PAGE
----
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Ventricular arrhythmias 

Ventricular arrhythmias
Ventricular arrhythmias

Martin Borggrefe

, Erol Tülümen

, and Josep Brugada


July 29, 2020: This chapter has been re-evaluated and remains up-to-date. No changes have been necessary.

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date: 28 November 2021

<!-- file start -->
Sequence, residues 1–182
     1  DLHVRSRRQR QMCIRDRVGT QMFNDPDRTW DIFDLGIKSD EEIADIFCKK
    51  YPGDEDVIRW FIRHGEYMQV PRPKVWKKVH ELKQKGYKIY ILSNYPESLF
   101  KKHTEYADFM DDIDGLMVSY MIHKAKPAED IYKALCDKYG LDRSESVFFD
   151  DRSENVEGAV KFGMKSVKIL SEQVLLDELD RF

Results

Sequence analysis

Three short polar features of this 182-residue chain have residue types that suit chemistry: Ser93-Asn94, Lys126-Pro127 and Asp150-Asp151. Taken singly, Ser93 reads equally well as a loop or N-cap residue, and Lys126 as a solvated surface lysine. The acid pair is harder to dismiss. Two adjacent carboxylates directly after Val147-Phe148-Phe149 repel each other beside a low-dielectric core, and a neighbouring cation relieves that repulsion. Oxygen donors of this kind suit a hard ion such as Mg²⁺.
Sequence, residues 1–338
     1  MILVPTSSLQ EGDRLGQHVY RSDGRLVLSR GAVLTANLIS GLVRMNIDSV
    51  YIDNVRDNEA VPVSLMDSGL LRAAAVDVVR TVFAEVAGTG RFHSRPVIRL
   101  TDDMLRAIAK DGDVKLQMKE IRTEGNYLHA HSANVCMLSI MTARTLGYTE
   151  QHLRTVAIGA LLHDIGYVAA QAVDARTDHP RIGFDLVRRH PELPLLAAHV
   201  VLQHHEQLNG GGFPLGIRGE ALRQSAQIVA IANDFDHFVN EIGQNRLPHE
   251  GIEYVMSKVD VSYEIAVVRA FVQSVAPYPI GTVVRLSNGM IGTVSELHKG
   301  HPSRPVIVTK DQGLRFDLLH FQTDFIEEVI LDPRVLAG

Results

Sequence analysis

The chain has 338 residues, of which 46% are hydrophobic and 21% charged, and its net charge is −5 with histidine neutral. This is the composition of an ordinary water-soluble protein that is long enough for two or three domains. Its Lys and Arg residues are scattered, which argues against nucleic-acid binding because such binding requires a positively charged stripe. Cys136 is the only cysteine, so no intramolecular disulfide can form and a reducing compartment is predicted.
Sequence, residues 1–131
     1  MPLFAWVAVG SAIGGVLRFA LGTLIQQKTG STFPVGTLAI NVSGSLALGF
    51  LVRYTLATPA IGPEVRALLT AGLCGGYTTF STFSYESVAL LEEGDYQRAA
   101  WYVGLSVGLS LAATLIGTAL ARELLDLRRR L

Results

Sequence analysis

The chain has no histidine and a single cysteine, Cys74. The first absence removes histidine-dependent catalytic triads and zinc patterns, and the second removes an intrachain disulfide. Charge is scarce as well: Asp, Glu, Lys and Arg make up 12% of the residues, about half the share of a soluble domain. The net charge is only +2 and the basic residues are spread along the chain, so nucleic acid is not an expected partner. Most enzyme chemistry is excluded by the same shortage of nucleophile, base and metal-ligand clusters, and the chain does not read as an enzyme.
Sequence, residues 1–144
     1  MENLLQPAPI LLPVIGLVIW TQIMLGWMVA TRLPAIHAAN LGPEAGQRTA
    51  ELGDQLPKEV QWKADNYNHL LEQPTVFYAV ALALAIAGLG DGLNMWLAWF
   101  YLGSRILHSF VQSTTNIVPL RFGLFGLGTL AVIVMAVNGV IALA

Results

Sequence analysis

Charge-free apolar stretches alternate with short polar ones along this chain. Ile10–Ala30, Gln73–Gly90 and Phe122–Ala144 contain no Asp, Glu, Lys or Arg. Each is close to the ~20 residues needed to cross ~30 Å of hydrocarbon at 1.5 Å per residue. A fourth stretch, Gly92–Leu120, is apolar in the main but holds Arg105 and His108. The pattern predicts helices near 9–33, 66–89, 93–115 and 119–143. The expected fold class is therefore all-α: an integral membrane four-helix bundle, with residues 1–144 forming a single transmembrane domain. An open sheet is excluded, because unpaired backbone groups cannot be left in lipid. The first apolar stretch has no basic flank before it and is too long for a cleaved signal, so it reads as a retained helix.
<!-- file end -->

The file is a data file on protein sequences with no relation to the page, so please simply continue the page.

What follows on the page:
Ventricular arrhythmias are abnormal rhythms that originate from below the atrioventricular node. They include premature ventricular complexes, ventricular tachycardias, and ventricular fibrillation. Ventricular arrhythmias may occur in patients with structural heart disease (ischaemic heart disease, cardiomyopathies such as dilated cardiomyopathy, hypertrophic cardiomyopathy, arrhythmogenic right ventricular cardiomyopathy, etc.) or in patients with a structurally normal heart (genetic arrhythmia syndromes such as long QT syndrome, Brugada syndrome, catecholaminergic polymorphic ventricular tachycardia, or as idiopathic ventricular tachycardias). Symptoms depend on the frequency, duration, and haemodynamic effects of the arrhythmia. They may be asymptomatic or may cause symptoms, such as palpitations, shortness of breath, chest discomfort, dizziness, or syncope, or may present with cardiac arrest. This chapter is focused on the role of antiarrhythmic drugs in the management of ventricular arrhythmias. The recommendations are based on the current guidelines of the European Society of Cardiology for the management of patients with ventricular arrhythmias.

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